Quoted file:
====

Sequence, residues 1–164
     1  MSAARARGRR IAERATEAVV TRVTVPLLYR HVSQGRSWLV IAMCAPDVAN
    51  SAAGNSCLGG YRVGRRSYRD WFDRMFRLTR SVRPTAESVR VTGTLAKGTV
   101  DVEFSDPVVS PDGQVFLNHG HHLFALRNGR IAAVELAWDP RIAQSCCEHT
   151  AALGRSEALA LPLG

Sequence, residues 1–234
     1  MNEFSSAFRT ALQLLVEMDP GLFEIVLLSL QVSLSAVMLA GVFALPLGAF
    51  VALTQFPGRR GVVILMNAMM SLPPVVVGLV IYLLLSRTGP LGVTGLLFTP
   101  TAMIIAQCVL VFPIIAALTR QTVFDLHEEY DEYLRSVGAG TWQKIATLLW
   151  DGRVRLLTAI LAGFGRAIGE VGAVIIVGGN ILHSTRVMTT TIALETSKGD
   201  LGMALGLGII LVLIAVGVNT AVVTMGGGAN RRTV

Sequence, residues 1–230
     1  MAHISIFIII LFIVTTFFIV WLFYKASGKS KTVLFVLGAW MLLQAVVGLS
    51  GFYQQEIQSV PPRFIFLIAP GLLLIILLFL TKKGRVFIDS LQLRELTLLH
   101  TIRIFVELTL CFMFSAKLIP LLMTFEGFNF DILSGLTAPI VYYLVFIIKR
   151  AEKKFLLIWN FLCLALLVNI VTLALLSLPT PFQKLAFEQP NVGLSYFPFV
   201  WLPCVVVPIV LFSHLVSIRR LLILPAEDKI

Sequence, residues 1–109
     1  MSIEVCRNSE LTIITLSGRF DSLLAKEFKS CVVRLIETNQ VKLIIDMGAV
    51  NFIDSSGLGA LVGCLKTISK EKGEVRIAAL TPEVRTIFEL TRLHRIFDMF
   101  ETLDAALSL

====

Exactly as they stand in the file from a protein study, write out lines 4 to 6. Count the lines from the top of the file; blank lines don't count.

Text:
   101  DVEFSDPVVS PDGQVFLNHG HHLFALRNGR IAAVELAWDP RIAQSCCEHT
   151  AALGRSEALA LPLG

Sequence, residues 1–234